Article Three of the U.S. Constitution establishes the federal court system, which makes up the judicial branch of the United States’ government.The judicial branch includes the U.S. Supreme court, as well as lower federal courts, which are established by the Congress.The Supreme Court is usually understood to be the highest appellate court, but it does have the ability, granted to it by Article Three, to hear original, first-time cases.Article Three also grants Congress the ability to define federal crimes and to decide how transgressions against federal laws may be punished.In addition, Article Three protects the right to trial by jury in all criminal cases, and defines the crime of treason.
Section 1 declares that the judicial power of the United States rests in federal courts, which have the authority to interpret and apply the law to any particular case.Federal courts also have the power to punish, sentence, and direct future action to resolve conflicts. The Constitution expressly outlines the federal judicial system.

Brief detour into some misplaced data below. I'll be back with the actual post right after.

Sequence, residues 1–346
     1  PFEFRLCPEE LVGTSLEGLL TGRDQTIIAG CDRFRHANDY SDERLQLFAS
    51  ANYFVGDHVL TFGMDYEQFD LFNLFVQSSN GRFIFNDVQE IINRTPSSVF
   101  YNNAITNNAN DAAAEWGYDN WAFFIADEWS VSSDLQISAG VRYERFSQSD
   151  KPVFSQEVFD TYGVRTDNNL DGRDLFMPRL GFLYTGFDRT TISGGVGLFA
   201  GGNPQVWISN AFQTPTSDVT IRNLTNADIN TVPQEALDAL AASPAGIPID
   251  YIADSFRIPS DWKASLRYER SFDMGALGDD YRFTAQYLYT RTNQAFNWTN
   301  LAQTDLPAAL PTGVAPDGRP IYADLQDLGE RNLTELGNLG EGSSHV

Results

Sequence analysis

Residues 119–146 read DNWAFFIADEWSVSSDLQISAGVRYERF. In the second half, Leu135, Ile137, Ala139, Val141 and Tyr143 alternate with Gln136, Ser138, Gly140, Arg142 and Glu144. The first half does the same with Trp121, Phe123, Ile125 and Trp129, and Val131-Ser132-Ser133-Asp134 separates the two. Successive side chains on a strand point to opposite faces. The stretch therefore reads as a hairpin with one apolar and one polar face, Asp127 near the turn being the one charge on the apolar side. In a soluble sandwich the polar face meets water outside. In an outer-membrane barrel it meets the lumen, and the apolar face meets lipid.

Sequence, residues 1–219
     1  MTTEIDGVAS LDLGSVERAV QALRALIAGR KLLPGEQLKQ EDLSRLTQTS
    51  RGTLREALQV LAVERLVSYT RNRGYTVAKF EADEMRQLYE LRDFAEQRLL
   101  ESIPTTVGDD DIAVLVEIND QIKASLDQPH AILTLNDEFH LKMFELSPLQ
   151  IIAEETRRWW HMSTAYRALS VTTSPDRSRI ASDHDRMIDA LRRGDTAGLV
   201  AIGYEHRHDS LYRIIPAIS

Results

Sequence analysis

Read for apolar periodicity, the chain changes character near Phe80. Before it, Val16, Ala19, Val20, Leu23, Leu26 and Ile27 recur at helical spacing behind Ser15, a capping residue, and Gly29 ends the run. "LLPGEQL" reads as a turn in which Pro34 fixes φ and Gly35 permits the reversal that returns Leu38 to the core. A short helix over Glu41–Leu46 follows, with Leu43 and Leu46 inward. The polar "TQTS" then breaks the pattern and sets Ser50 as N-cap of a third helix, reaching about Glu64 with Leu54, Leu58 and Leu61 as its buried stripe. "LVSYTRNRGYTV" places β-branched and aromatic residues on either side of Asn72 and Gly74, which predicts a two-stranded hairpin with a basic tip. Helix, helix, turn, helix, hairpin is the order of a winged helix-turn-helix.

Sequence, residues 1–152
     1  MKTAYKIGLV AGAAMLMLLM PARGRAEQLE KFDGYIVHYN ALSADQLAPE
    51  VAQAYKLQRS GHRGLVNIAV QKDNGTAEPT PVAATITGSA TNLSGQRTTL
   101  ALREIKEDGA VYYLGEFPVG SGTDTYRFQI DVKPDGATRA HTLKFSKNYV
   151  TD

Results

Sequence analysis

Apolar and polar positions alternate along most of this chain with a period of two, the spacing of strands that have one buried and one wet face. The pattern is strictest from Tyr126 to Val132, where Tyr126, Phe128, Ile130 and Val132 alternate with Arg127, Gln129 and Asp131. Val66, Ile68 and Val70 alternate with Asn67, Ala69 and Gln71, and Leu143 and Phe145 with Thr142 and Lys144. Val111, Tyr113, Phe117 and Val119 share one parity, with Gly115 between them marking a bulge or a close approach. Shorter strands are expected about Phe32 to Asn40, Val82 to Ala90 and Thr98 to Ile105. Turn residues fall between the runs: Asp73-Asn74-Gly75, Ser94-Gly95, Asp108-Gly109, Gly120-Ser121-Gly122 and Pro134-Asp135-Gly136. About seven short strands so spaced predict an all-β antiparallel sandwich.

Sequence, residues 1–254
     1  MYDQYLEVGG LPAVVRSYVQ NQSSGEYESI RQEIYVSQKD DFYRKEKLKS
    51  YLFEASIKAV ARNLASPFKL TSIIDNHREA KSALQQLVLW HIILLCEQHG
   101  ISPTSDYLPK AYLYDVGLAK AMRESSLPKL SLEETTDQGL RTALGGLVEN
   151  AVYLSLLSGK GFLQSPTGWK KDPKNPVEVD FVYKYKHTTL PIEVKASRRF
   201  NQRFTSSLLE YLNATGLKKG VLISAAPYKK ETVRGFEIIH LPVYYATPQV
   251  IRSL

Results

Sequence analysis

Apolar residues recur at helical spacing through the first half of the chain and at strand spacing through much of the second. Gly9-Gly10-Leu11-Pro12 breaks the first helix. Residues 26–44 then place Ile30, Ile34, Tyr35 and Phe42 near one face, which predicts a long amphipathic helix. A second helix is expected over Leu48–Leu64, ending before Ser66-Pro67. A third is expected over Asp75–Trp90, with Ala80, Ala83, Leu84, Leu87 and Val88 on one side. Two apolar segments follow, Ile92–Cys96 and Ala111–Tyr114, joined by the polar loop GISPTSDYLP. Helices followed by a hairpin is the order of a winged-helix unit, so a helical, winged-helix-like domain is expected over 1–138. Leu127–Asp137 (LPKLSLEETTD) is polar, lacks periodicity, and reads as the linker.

To enforce judicial decisions, the Constitution grants federal courts protection from contempt.In other words, anyone defying the courts’ authority, casting disrespect on a court, or impeding its ability court to perform its function may be immediately punished.
Clause 2 of Section 2 specifies that the Supreme Court has original jurisdiction in cases involving ambassadors, ministers and consuls. Indeed, Federal courts are empowered by Article Three to hear any case arising under the laws of the United States and its treaties;cases dealing with international maritime law and conflicting land grants of different states;as well as cases in which the parties live in different states, or where one of the parties is a foreign state, or the citizen of a foreign state.
But the most important function of the federal courts is to check unconstitutional abuses of power by the President or by Congress. As Alexander Hamilton, one of the framers of the U.S. Constitution put it: “The interpretation of the laws is the proper and peculiar province of the courts. A constitution is, in fact, and must be regarded by the judges, as a fundamental law.”